Ah, poetry. Johann von Goethe once said that ‘Personality is everything in art and poetry,’ and no one knows that to be true more than translation professionals.
You have likely never considered the gnarly question of translating poetry, but take a moment and consider it now, because it’s fascinating. First, you have to start with the why – why bother in the first place? Then you’d have to consider the how – how in the world do you take an artist’s deep and subtle language and render it in another language? These aren’t easy questions, and even if you answer them it only begins to unravel the problem, because then a translation pro like myself has to tackle the actual work.
The Why of Poetry Translation
The why of translating poetry might seem obvious: For the same reason we translate novels or dub films, so the whole world can enjoy a work of art. Yes, but that actually doesn’t really get to the heart of the matter. The real why is whether or not this can even be done. A poem written in German in the 19th Century, for example, is hopeless localised, not just geographically but chronologically. It will use idioms that no longer get used, it will refer to things that no longer exist, and it will reflect educations and mindsets and attitudes that no longer flourish. In short, poetry is intensely personal. Why even try to drag something so set in a time and place, so mired in individual thought and style, into another sphere?
It’s a challenge, to say the least. The reason, of course, is to expand our understanding of each other. That poem in German from the 1800s might be archaic and foreign to 21st Century Australians, for example, but it also might convey some truth about the human condition that you’ve never heard before, or simply a beautiful image that you’ve never been exposed to before. That’s the why.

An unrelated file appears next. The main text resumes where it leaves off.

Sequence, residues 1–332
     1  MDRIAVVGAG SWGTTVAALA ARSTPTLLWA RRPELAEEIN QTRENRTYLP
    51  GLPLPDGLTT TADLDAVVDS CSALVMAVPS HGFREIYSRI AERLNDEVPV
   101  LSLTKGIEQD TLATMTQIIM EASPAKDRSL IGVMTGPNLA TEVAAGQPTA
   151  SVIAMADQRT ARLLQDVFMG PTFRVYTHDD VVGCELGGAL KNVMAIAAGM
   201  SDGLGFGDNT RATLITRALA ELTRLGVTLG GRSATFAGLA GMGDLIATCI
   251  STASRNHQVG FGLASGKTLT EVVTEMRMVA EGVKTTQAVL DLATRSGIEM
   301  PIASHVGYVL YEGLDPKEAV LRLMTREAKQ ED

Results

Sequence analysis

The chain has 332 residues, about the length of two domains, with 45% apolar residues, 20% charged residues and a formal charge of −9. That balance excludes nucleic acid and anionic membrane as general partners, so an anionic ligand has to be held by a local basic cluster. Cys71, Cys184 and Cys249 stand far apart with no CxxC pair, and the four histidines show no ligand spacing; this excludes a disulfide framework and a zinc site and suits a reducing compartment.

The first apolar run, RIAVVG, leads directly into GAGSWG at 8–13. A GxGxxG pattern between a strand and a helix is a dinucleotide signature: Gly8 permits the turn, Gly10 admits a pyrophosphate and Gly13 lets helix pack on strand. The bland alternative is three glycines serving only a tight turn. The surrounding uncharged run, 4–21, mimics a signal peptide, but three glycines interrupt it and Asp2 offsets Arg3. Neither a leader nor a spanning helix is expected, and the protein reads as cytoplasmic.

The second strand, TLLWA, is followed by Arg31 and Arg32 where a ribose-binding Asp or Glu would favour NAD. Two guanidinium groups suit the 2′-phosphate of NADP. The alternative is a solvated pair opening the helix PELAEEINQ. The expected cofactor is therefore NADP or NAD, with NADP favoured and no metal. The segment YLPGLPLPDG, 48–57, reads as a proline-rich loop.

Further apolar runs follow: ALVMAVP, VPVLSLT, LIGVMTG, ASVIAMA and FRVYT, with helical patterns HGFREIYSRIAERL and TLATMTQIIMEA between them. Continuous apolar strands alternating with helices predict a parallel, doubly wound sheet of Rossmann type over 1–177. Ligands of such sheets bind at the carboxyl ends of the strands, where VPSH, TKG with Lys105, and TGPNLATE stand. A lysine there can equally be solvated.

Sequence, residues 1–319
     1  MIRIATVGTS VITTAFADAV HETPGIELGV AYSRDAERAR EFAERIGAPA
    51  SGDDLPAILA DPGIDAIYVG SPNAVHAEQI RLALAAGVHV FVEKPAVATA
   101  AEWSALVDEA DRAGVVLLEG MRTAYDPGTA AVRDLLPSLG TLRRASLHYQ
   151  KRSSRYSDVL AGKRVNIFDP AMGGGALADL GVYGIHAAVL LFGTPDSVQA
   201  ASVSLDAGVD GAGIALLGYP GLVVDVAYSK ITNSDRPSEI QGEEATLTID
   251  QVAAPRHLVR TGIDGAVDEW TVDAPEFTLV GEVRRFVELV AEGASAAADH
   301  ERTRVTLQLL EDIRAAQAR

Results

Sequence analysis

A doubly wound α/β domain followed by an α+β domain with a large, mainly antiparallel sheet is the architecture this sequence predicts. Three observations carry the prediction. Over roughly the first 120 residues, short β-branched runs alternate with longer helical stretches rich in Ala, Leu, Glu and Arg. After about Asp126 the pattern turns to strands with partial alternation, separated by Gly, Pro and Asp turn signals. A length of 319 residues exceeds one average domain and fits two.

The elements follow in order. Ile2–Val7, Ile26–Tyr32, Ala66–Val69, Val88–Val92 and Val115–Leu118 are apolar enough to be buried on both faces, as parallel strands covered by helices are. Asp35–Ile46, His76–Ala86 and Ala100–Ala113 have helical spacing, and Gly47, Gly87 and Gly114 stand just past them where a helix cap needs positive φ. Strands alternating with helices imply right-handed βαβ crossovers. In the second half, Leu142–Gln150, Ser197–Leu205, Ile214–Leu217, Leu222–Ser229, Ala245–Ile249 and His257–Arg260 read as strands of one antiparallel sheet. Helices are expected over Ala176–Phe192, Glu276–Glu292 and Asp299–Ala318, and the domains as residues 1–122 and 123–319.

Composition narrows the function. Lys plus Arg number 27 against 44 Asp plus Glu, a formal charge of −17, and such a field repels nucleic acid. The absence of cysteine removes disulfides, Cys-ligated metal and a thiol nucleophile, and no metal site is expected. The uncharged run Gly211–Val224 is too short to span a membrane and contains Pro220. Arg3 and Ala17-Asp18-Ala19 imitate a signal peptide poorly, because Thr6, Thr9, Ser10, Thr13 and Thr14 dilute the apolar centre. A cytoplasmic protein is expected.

The How of Poetry Translation
The how of poetry translation is complex. It’s not like other forms of translation, even other forms of artistic translation like novels or film subtitling. It’s a difficult beast to tame.
First and foremost, the translator in question must be not only fluent in both languages, but deeply fluent, to the extent of understanding the evolution of both languages. Poets often use language in unusual ways, even ways that violate the grammar and definitions of the vocabulary, sometimes using words simply for their sound as opposed to their meaning. Simply being fluent is simply not enough when it comes to translating poetry.
Second, the translator in question must be an artist themselves, because translating poetry is basically taking in a piece of art, understanding it deeply, then rendering it anew. You are fundamentally re-writing the poem – and this is not something every translation pro is capable of.
Poetry translation is well worth it – but it comes at a steep price in terms of effort.
Image courtesy ingpeaceproject.com